A total of 31.4 percent of global fisheries are being fished at biologically unsustainable levels, according to the Food and Agriculture Organization (FAO) of the United Nations. However, a 2016 study by Costello and others said the application of sound management reforms to global fisheries will increase biomass by 619 million metric tons relative to a business-as-usual scenario.
One way to enable sustainable fisheries management is to target the activities of small-scale coastal fishing businesses. Given their socioeconomic status, coastal fishing enterprises typically lack the economic independence to be able to completely disengage from unsustainable practices that are in favor of lucrative catch. They also represent 90 percent of the total 30 million fishing businesses globally, according to the FAO. This shows their vital role in the transition toward sustainable fisheries.
It is critical for funding to be channelled into fishing businesses as a way to incentivize a behavioral shift toward sustainable practices. With government resources becoming increasingly constrained as some nations address multiple challenges, there is a greater need to leverage private capital. Despite this need, there is a scarcity of platforms and financial instruments available to channel resources toward fisheries.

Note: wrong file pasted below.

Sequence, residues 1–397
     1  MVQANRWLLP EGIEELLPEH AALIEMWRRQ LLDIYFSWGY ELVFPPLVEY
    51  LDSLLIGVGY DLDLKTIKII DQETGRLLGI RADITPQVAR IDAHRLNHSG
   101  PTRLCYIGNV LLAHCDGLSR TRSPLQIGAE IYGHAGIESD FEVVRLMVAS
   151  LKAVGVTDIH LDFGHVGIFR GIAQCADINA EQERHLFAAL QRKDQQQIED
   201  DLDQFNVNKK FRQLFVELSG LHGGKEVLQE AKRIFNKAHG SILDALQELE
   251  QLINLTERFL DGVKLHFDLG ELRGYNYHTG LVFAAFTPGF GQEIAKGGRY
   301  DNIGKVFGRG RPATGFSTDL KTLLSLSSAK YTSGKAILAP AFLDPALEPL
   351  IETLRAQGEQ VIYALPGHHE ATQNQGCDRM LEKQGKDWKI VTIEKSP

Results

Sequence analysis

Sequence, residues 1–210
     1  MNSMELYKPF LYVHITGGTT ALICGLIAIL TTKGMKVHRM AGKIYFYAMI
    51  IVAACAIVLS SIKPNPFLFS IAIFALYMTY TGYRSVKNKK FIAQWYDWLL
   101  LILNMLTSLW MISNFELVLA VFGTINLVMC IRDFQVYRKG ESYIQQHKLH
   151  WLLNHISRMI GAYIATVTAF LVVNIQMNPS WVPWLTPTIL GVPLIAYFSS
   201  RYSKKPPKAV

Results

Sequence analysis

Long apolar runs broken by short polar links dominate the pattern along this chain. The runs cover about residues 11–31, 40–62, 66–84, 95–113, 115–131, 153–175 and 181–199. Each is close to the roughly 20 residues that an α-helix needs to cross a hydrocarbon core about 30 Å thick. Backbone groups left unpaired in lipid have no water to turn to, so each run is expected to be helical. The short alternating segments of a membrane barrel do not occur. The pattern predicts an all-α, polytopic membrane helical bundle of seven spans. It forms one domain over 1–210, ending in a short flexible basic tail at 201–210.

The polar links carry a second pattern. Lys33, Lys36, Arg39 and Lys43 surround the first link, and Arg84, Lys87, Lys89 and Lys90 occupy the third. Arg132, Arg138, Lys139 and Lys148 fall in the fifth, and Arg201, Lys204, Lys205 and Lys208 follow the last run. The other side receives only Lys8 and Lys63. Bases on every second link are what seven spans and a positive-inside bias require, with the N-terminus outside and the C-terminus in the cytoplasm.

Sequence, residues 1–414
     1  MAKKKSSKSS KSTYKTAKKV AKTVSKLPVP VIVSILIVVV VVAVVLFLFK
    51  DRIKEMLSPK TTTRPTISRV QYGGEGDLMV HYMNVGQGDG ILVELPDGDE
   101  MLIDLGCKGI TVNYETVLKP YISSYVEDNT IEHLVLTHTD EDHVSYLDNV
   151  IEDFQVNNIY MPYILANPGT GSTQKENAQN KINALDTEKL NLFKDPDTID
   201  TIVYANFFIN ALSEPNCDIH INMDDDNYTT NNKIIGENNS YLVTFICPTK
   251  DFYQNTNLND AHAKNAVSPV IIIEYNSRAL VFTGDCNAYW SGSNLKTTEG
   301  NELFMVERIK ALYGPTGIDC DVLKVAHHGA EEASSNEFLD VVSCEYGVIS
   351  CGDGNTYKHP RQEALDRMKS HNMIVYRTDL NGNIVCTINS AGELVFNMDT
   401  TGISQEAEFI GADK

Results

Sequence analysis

Two organizations working to bridge this gap are Meloy Fund and Catch Together. Meloy Fund is an impact investment fund that makes debt and equity investments in fishing-related enterprises that support the recovery of coastal fisheries in Indonesia and the Philippines. The fund is a subsidiary of Rare, a global conservation organization. Catch Together partners with fishing communities in the United States and Canada to structure and finance impact investments. It also provides support services such as help for fishing communities in acquiring quotas.
Smallholder agriculture and small-scale fisheries have similar business models. But impact investments in the latter are trailing behind. Dale Galvin, managing partner at Meloy Fund, said the unpredictability of fisheries is the reason for this. Kelly Wachowicz, cofounder, managing partner, and CFO at Catch Together, said that the “ocean environment is much more dynamic than terrestrial environments.” Therefore, “management systems and investment strategies need to be able to be adaptive to accommodate changes over time” that need to be successfully implemented in fisheries.
An additional reason for risk in fisheries is the difference in property rights. Unlike with agriculture, where land tenure is very clear, in fishing “you don’t have the right to generally manage your fishery,” Galvin said. As a result, “investments are much harder to organize” and “monitoring fisheries management strategies in the water is difficult,” Wachowicz said.
Building a track record of successful fisheries investments is key to creating established credibility and curtailing perceived risk. Meloy Fund and Catch Together do exactly that. Meloy Fund looks at growth-oriented enterprises that have a direct connection to coastal fisheries. Galvin said not only are coastal fisheries an under-invested sector, they also “achieve most of the social and environmental objectives.” These include impacting the state of coral reefs, generating livelihoods for small-scale fishing enterprises, and benefiting the broader economy. Along with making its investments, the fund works to improve the management of coastal ecosystems.